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J Dent Res. 2001 Jun;80(6):1555-9.

Intrafibrillar mineral may be absent in dentinogenesis imperfecta type II (DI-II).

Author information

1
Department of Preventive and Restorative Dental Sciences, University of California, San Francisco 94143-0758, USA. jkinney@itsa.ucsf.edu

Abstract

High-resolution synchrotron radiation computed tomography (SRCT) and small-angle x-ray scattering (SAXS) were performed on normal and dentinogenesis imperfecta type II (DI-II) teeth. The SRCT showed that the mineral concentration was 33% lower on average in the DI-II dentin with respect to normal dentin. The SAXS spectra from normal dentin exhibited low-angle diffraction peaks at harmonics of 67.6 nm, consistent with nucleation and growth of the apatite phase within gaps in the collagen fibrils (intrafibrillar mineralization). In contrast, the low-angle peaks were almost non-existent in the DI-II dentin. Crystallite thickness was independent of location in both DI-II and normal dentin, although the crystallites were significantly thicker in DI-II dentin (6.8 nm [SD = 0.5] vs. 5.1 nm [SD = 0.6]). The shape factor of the crystallites, as determined by SAXS, showed a continuous progression in normal dentin from roughly one-dimensional (needle-like) near the pulp to two-dimensional (plate-like) near the dentin-enamel junction. The crystallites in DI-II dentin, on the other hand, remained needle-like throughout. The above observations are consistent with an absence of intrafibrillar mineral in DI-II dentin.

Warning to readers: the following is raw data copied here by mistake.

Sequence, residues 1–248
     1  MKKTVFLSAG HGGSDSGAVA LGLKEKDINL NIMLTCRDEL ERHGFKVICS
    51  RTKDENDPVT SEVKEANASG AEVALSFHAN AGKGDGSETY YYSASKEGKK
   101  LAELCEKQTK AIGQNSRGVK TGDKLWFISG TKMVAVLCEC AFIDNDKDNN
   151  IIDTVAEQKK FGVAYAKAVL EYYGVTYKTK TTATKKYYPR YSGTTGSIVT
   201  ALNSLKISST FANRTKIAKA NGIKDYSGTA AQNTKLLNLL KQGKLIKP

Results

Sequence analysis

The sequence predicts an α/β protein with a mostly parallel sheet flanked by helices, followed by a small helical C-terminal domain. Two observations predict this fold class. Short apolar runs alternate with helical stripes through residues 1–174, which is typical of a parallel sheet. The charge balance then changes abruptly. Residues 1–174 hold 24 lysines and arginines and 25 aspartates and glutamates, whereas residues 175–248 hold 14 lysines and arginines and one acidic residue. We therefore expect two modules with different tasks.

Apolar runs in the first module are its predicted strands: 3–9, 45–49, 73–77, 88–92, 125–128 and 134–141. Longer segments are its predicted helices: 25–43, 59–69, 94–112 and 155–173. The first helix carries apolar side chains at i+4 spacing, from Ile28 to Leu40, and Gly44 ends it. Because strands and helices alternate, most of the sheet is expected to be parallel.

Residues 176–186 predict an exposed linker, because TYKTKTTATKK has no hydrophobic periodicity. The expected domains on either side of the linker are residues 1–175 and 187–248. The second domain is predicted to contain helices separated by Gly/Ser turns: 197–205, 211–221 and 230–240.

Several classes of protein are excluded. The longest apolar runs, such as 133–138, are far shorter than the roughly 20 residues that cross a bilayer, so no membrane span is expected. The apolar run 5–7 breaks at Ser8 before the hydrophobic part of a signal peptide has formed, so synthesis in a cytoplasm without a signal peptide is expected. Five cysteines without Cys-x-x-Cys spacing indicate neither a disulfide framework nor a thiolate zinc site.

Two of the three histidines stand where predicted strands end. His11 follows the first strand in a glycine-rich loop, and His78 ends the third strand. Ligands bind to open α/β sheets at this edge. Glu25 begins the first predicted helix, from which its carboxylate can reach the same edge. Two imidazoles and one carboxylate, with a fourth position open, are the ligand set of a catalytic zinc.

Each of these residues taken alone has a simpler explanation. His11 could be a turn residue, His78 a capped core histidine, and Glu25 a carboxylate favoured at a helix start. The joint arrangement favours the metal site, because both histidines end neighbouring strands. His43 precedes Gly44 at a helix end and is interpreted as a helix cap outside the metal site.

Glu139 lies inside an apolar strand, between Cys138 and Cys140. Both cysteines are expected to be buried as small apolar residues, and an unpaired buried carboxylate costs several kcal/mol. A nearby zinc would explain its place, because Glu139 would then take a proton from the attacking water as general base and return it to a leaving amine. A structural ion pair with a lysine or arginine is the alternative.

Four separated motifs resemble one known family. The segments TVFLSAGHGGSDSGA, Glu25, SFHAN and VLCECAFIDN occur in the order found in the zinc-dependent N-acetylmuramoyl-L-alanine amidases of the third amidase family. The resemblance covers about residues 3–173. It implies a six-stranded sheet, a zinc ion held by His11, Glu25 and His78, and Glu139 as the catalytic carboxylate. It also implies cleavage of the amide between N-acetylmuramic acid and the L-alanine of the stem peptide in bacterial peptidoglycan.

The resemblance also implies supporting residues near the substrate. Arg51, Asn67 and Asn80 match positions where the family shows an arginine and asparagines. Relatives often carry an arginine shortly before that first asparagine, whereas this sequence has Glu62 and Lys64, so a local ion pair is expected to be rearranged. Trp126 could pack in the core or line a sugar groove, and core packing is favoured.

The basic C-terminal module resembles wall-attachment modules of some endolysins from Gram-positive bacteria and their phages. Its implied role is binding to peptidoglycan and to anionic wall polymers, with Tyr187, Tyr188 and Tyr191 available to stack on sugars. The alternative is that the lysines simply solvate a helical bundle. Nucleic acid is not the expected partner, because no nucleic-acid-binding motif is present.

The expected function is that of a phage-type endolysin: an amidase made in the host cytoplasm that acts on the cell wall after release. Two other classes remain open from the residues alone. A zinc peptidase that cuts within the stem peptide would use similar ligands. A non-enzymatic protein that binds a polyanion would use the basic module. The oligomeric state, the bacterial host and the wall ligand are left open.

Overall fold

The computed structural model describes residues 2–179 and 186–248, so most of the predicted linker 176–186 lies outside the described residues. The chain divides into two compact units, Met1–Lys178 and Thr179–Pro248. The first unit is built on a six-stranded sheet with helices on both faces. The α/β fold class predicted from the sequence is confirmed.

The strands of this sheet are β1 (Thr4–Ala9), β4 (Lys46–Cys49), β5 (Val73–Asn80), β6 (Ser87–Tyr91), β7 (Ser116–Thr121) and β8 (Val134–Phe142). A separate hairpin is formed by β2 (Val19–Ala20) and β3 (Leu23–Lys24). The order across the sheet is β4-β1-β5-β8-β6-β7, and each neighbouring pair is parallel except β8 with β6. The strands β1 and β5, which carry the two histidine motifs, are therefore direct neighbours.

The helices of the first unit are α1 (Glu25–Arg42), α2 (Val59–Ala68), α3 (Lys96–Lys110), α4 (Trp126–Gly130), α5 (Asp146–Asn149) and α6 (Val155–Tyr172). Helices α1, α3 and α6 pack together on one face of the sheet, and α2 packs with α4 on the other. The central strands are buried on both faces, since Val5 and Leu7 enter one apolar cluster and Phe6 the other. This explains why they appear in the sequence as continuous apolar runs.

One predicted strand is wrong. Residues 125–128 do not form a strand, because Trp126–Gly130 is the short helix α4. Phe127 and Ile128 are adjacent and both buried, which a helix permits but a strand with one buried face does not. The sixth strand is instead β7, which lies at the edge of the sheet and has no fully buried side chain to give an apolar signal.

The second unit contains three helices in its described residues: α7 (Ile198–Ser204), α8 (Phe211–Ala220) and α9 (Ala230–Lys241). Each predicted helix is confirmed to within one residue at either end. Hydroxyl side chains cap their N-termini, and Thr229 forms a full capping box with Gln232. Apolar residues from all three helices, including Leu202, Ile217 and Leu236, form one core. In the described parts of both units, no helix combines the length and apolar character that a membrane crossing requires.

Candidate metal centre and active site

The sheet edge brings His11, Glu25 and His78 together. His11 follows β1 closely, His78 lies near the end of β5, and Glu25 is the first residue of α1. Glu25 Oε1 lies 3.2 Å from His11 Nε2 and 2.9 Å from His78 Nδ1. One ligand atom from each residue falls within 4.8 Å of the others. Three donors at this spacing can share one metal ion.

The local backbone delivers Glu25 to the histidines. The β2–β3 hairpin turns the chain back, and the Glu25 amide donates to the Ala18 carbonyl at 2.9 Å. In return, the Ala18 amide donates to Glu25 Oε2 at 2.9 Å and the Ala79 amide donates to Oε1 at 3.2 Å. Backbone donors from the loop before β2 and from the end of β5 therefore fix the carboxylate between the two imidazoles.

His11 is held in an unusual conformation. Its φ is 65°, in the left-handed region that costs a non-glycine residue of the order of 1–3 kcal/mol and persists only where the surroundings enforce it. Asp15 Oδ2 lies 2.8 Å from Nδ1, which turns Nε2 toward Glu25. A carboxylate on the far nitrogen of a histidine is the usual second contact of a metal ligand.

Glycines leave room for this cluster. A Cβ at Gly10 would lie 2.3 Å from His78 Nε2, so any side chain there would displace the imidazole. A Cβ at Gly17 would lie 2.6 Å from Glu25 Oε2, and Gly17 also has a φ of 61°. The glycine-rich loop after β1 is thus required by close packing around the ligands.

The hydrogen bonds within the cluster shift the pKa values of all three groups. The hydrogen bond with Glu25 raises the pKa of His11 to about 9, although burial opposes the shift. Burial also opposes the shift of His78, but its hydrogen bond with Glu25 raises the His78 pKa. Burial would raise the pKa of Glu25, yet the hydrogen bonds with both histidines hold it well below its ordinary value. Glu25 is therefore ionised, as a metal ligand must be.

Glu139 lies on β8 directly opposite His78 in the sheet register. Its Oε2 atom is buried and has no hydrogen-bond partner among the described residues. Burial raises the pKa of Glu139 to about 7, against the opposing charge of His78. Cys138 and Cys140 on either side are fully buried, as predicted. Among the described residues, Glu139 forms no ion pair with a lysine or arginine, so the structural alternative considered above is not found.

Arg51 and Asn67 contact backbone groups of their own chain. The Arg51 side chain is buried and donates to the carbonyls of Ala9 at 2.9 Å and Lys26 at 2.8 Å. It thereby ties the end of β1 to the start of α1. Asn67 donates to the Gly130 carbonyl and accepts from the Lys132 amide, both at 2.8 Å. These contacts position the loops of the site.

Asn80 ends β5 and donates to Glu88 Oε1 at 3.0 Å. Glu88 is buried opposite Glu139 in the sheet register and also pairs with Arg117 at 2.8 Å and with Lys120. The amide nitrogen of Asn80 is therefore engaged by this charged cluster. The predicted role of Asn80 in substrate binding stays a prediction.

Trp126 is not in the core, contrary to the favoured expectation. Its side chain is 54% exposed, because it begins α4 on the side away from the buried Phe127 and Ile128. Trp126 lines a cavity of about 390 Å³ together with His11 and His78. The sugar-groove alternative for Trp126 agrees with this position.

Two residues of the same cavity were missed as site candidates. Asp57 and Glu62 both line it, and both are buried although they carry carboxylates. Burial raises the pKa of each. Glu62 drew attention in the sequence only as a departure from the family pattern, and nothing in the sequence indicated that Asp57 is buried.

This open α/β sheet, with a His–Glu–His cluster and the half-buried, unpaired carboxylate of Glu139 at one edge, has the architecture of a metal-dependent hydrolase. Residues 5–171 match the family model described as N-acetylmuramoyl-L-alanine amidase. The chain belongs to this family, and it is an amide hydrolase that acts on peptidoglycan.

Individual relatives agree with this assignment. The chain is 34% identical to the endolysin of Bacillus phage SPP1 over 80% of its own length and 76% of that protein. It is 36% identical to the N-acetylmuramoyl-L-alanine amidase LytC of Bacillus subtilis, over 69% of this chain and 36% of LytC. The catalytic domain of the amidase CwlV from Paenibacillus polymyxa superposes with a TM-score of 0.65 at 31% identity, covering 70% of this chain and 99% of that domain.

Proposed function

PMID:
11499512
DOI:
10.1177/00220345010800061501
[Indexed for MEDLINE]

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